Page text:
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Members of the ABA International Law Section Gather in Paris for Annual Meeting and Learn About Cloud Computing

Members of the American Bar Association – International Law Section gathered on November 5, 2010 at The Westin Paris in Paris, France to actively participate in a panel discussion titled “Ephemeral Boundaries: Cross-Border Implications of Cloud Computing” sponsored by the International Litigation Committee. Cloud computing, in which electronic information is processed and stored over the Internet, poses fundamental challenges to the most revered concepts of the rule of law: Geographic basis for statutes and regulations, jurisdiction based upon physical presence, and data protection, security, and privacy laws based upon the location of tangible assets such as hardware and people. Privacy and data protection laws requiring standards of protection for transfer to certain jurisdictions may pose challenges to cloud arrangements. Re-evaluation of traditional notions of disclosure and discovery of information in the cloud may also be in the offing as the cloud alters these paradigms.

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The Wide World of E-Discovery

E-discovery is a constantly developing topic in the legal world, and the word, “world,” should be taken literally.  Across the globe, different nations and their legal system are formulating new rules to tackle new discovery issues that can arise almost as quickly as new technology and means of communication can develop.  The only problem with this, however, is that different nations are addressing their e-discovery issues with different solutions.  This problem usually rears its ugly head when one of the parties in a lawsuit is a multinational company.  What is a British company supposed to do when it’s sued in an American because of a foul-up by its French Subsidiary?  Do they supply all of the e-discovery materials required by American courts?  What if e-discovery that the American court requires no longer exists because it never needed to be stored in the first place by   French or British?

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Dead Men Tell No Tales, But Deleted Evidence Does

Dead men tell no tales, but their bodies provide enough evidence to paint a graphic picture.  The same is true of deleted files on a computer.  Missing files can carry the inference that the evidence was only destroyed because it would have been damaging to the party responsible. In Paris Business Products, Inc. v. Genisis Technologies, LLC (“Paris”), Genisis Technologies, LLC, (“Genisis”) was subject to a discovery order requiring it to preserve all relevant data on company-owned computer hard drives.  Despite this order, Genisis’ executive officers allegedly were responsible for: (1) deleting the company hard drives by reformatting them; and (2) physically removing and destroying some hard drives.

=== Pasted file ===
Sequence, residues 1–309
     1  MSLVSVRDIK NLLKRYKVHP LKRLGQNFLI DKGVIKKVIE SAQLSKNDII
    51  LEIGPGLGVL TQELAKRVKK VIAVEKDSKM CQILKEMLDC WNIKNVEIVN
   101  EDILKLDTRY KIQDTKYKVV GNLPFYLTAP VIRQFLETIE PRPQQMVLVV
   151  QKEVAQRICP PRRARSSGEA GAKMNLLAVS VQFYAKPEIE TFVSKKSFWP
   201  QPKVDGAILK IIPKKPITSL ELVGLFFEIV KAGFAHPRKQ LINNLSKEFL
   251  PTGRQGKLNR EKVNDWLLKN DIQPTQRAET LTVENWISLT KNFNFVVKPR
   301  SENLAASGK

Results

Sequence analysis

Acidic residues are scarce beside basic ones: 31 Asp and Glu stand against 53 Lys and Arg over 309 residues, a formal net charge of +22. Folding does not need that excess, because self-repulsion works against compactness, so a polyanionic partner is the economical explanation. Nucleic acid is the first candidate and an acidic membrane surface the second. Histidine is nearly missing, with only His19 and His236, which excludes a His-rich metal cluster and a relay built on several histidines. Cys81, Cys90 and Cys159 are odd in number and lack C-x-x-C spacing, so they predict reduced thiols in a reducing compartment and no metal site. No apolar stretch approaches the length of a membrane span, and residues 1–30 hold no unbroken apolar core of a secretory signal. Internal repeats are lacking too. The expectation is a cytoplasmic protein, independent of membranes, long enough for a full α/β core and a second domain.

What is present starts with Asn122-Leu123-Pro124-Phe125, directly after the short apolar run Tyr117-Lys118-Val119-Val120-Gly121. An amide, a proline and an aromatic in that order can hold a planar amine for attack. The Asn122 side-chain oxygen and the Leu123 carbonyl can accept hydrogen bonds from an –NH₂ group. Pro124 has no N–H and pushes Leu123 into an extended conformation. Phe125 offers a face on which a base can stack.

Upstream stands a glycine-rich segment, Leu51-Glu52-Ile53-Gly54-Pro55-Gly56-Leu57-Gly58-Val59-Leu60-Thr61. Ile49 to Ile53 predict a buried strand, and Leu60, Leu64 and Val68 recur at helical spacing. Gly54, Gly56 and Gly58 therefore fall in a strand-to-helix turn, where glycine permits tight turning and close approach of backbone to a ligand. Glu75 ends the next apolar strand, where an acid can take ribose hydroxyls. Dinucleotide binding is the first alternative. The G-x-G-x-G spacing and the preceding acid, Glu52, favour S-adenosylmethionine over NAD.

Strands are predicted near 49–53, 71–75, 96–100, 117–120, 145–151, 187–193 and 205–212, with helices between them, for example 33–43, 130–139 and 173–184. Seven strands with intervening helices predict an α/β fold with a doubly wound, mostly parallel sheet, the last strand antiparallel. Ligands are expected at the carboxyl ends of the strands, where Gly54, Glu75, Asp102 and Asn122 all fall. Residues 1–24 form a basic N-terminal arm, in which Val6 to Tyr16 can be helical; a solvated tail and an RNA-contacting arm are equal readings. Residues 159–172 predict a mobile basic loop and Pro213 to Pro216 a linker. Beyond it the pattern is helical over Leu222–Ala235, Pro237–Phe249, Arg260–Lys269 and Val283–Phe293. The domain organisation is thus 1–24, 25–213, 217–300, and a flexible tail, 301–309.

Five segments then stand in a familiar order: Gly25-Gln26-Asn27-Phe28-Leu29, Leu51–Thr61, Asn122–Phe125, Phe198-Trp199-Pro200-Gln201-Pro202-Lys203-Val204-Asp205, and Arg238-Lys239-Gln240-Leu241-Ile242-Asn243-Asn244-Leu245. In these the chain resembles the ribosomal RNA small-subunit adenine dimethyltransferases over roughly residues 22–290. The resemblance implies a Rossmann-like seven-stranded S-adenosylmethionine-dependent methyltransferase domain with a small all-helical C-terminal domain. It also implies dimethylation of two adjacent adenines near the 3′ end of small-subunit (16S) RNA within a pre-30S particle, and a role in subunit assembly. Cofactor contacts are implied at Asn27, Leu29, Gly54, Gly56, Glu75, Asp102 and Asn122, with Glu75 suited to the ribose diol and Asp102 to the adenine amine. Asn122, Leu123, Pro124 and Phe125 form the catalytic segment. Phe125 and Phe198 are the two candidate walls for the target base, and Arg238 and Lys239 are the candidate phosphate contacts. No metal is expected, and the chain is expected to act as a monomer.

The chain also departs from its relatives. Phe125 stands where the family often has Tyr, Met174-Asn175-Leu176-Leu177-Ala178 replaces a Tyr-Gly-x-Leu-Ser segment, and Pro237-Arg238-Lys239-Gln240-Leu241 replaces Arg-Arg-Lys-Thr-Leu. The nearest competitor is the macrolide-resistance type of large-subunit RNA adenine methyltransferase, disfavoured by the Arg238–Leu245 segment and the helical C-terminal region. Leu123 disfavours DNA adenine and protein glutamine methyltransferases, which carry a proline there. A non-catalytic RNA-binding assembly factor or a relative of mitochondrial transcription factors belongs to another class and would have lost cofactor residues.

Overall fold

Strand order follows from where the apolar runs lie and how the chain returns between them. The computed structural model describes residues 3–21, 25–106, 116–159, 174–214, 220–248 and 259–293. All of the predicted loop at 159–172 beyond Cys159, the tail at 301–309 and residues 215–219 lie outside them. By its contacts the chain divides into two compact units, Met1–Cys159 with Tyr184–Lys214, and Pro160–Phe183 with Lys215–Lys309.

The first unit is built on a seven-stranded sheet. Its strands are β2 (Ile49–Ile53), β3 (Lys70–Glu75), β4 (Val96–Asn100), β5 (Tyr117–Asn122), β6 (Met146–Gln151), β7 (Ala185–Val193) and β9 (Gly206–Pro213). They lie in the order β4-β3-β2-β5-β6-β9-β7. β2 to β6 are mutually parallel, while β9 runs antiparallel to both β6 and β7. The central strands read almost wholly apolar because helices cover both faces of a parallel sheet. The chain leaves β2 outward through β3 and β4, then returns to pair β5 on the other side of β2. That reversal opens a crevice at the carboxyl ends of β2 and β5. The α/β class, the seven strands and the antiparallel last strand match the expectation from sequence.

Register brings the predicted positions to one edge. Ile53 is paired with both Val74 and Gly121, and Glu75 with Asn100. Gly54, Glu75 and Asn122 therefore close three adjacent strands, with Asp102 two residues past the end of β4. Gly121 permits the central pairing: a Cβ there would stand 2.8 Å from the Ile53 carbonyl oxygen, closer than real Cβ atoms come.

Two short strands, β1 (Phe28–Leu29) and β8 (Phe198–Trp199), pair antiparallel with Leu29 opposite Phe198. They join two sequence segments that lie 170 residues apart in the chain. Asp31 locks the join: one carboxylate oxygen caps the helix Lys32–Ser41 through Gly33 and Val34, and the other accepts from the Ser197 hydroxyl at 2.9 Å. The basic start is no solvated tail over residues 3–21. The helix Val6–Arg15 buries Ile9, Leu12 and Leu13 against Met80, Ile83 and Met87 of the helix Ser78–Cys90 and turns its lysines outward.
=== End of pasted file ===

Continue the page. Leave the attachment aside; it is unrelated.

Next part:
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Self-Preservation v. Production

Can a defendant be subject to discovery sanctions for conduct occurring before discovery even begins?  Although this may seem antithetical, correctional officers at a federal prison in New Jersey were sanctioned for spoliating evidence when they were unable to produce videotape footage of an incident involving a prisoner during discovery of the Section 1983 action arising out of the incident. In Kounellis v. Sherrer, 529 F.Supp. 2d 503 (D.N.J. 2008), plaintiff prisoner brought a Section 1983 action against correctional officers and prison officials after the officers allegedly assaulted the prisoner in retaliation for his filing of administrative complaints against the officers.  After the alleged assault, the prisoner repeatedly requested a copy of the video surveillance footage from a camera in the area of the alleged assault.  Defendants never provided the prisoner with the copy.